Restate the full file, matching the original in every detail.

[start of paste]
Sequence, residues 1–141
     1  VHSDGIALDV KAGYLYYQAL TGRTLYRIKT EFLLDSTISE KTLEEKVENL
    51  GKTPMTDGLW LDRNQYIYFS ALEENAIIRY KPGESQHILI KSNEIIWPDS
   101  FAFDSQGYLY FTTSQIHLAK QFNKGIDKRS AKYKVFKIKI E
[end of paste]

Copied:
Sequence, residues 1–141
     1  VHSDGIALDV KAGYLYYQAL TGRTLYRIKT EFLLDSTISE KTLEEKVENL
    51  GKTPMTDGLW LDRNQYIYFS ALEENAIIRY KPGESQHILI KSNEIIWPDS
   101  FAFDSQGYLY FTTSQIHLAK QFNKGIDKRS AKYKVFKIKI E